More than three fourths of domestic homicide victims are stalked before they are killed. Yet both stalking and domestic abuse are only misdemeanors in Louisiana. Recently the NRA and other pro-gun groups came at Louisiana lawmakers who were considering stronger regulations against domestic violence with both barrels blazing.
The bill under consideration would add “dating partner” as a qualifier for domestic abuse battery charges which currently only name household members such as spouses, family members or co-habitants. Ray Rice, the former Baltimore Ravens running back caught on video battering his fiancé in an elevator, would likely not be covered under current Louisiana domestic battery laws said Rep. Helena Moreno, D-New Orleans, the bill’s sponsor. The bill would also enhance penalties for violations of protective orders.
But the bill would violate “gun rights” said gun lobbyists descending upon Baton Rouge. “We don’t need to rush to take away people’s rights just because they made a mistake,” Bradley Gulotta, from Guns Across America told lawmakers. “Not everyone who got in an argument–had a push, had a shove–is gong to come back and do more bodily harm or be a danger to other people.” Let’s give the pushers and shovers the benefit of the doubt …and their firearms? Beside, what if the person had only had “one date” whined gun lobbyists–no fair!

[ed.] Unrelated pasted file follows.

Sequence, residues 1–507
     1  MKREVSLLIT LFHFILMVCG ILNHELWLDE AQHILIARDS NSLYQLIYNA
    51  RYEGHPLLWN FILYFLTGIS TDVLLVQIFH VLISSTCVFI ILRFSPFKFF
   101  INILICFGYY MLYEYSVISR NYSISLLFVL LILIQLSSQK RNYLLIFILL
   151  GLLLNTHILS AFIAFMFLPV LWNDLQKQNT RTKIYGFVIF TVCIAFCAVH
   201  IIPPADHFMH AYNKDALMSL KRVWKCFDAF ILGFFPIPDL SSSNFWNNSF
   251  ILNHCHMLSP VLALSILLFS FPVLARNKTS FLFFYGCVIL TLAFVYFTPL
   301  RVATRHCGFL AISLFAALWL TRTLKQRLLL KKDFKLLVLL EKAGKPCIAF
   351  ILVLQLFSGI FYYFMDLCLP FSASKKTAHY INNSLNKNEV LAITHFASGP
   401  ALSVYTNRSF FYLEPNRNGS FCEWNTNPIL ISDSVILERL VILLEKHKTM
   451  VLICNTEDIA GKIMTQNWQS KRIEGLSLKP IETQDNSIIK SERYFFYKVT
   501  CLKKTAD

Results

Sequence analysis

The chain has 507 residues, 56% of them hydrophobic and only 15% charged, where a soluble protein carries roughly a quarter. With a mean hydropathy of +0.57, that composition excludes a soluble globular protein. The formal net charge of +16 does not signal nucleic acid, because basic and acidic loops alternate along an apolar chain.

The NRA’s Tara Mitchell agreed that strengthening laws would take away “citizens civil rights.” The proposed 10-year prohibition on gun owning for convicted batterers violates “a constitutional right” and is “just not something we can support” she told lawmakers.
NRA spokeswoman Jennifer Baker was not present at the hearings but echoed the pro-domestic batterer rhetoric in an email to the Times-Picayune. The bill “is so overly broad that it could make a felon out of a girlfriend who pulls a cell phone from her boyfriend’s hand against his will.” Or a man who pummels and drags his girlfriend in an elevator?
Both Mitchell and Bakers said the answer to domestic violence was enforcing existing laws–which, of course, deem stalking and domestic battery misdemeanors.
The gun lobby’ work to restore “gun rights” of convicted felons, suspected batterers under orders of protection and people who have been hospitalized with mental illness is well publicized. Why should violent or disturbed people have guns? Because if you take away their “gun rights” pretty soon we will all be disarmed and living under violent fascist dictatorships like the oppressed peoples in EU countries, Canada, Japan, New Zealand and Australia.
“When you begin taking away the rights of people that you don’t like, that’s the slippery slope,” said NRA lobbyist Marion P. Hammer when the Sun Sentinel reported that valid concealed weapon licenses were issued to 1,400 probable felons including a man who shot his girlfriend as she cooked breakfast, a pizza deliveryman wanted for fatally shooting a 15-year-old over a stolen order of chicken wings and six registered sex offenders. People “you don’t like?”
Domestic violence allegations have touched the top echelons of the NRA. The wife of the NRA’s own New York City field representative Richard D’Alauro, Maribeth testified on Capitol Hill that she endured years of bullying and abuse from the NRA honcho. D’Alauro possessed 39 guns when charged with assault, harassment and endangering the welfare of a child. Nice.
The truth is the gun lobby is okay with US domestic violence deaths–estimated at 1,000 a year, mostly women–to preserve the “gun rights” of its constituency also known as its revenue stream.
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